|Time Keeper||keeps the group on-task and focused; in charge of moving the group through the three parts of a book club meeting (see step 3); leads the group in creating a reading schedule|
|Note-Taker||jots notes of what was discussed during each book club meeting|
|Communicator||shares what was discussed during each book club meeting with the class and the teacher; asks the teacher questions when needed (on behalf of the group)|
Step 2: Create a schedule.
This requires some brief training. In order to have your students create a reading schedule, they essentially need to be taught how to backward plan. I would give them an end date. In other words, when does their book need to be finished? From there, let them know how often book clubs will meet. This is heavily determined by your own classroom schedule. If your book clubs are a supplement to your core ELA curriculum, you may only want to meet once a week. However, if you are using book clubs as your core curriculum, you may want to consider meeting two or even three times a week. I have done both ways successfully, but now, I use book clubs as part of my core instruction. I have my book clubs meet twice a week, allowing the other three days to be set aside for a mix of independent reading/intervention, mini-lessons on skills needed for book clubs, writing mini-lessons, and occasional assessments.
Once you know how often your students will meet with their book clubs, it is time to create a reading schedule. I created a template to help your class get started.
Step 3: Facilitate your first meeting.
Now that your students have assigned jobs and your book clubs are planned, it is time for your first book club meeting! Trust me, it is all going to work out. That first meeting is all about training and practicing. Your students will need to be explicitly taught how to facilitate a book club discussion. I recommend breaking your book club meetings into three parts: Share Out, Discussion, and Reflection. Let’s break down each section:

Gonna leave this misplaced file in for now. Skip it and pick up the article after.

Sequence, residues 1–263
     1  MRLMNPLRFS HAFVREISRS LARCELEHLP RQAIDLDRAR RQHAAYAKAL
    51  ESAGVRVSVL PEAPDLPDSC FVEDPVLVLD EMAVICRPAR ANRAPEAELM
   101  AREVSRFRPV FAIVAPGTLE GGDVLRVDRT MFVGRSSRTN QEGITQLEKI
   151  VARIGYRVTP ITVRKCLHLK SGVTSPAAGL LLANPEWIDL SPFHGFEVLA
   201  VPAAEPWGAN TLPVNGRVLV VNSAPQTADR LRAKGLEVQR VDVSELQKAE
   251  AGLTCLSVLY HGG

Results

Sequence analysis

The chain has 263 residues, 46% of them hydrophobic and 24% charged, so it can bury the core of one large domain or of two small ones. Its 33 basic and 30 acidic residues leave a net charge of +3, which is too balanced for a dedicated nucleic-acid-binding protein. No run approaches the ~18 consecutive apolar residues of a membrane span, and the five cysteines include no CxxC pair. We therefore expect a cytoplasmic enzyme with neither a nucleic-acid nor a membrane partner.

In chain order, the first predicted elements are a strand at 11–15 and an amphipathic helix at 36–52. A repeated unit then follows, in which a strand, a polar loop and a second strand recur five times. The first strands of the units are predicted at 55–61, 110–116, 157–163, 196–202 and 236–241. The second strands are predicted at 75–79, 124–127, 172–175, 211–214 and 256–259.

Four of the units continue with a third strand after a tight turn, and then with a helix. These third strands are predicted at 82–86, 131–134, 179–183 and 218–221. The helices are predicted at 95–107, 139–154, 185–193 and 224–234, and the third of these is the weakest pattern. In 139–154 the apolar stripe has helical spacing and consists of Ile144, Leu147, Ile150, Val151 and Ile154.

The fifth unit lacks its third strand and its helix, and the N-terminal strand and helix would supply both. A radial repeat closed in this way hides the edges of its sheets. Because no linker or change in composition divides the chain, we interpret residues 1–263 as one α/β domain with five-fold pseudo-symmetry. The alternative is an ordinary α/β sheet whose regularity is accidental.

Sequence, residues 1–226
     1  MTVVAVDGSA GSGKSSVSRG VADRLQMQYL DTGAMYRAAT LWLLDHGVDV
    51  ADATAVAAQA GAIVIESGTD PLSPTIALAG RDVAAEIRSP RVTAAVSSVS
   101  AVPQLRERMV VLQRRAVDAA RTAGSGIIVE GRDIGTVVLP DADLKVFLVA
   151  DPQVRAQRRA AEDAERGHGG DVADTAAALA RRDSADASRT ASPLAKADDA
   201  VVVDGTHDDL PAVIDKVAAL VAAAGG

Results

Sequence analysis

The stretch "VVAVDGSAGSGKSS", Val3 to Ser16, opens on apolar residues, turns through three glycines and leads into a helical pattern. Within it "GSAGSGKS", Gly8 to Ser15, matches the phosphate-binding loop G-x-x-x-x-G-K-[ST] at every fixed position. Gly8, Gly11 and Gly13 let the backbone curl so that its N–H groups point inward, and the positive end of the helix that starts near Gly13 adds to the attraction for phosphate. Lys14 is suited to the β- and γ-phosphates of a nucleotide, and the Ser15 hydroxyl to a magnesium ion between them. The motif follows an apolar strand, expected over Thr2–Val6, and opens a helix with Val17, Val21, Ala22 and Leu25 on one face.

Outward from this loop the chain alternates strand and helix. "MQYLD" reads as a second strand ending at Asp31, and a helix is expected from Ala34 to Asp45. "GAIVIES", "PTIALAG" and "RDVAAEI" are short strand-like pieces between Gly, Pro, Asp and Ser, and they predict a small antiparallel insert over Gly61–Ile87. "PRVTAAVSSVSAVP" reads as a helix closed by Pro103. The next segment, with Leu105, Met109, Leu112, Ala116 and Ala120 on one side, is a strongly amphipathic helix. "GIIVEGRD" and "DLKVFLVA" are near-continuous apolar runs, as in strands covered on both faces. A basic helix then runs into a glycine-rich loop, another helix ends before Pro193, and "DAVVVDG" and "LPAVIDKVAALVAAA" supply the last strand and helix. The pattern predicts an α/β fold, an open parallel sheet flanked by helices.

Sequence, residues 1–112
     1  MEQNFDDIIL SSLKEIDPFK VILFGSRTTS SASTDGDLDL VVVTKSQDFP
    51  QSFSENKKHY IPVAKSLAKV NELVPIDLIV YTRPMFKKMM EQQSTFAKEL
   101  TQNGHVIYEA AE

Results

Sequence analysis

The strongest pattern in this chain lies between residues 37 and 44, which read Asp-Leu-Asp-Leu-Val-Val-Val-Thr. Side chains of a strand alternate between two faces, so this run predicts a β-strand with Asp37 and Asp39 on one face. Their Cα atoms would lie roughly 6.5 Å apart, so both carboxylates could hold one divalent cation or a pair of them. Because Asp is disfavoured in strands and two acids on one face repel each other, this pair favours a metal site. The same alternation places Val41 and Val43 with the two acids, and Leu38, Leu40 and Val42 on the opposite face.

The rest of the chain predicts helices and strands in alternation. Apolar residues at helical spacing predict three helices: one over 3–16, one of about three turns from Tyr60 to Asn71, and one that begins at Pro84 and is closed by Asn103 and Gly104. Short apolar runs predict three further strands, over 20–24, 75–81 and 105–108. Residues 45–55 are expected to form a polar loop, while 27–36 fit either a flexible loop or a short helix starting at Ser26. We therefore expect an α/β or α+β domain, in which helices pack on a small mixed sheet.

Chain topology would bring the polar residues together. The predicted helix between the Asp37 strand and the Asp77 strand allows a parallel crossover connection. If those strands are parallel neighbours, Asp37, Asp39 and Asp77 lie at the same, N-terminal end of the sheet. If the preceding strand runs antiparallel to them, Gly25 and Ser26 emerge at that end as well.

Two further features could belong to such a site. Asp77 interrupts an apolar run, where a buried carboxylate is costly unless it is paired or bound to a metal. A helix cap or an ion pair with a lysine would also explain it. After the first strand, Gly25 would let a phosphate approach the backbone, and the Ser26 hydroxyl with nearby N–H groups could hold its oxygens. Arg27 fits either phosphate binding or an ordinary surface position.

This is time for students to simply share their thoughts about the assigned reading. The book club leader should facilitate this part of the meeting. Students take turns sharing what they liked about the reading, what was confusing, and any questions that they had. They may also want to pose questions to the group, asking for their thoughts and predictions. (I recommend holding a mini-lesson about how to pose questions beforehand. I usually introduce this concept after a few book club meetings.)
Depending on the grade level and language levels of your students, you may also consider teaching discussion sentence frames (i.e. I agree with, I respectfully disagree with, in other words, for example, etc.). I often teach a mini-lesson on this before our first book club meeting. I then provide a “cheat sheet” or anchor chart for the students to refer to during their share out. I would highly recommend at least having a mini-lesson on this topic, even if it is a brief review.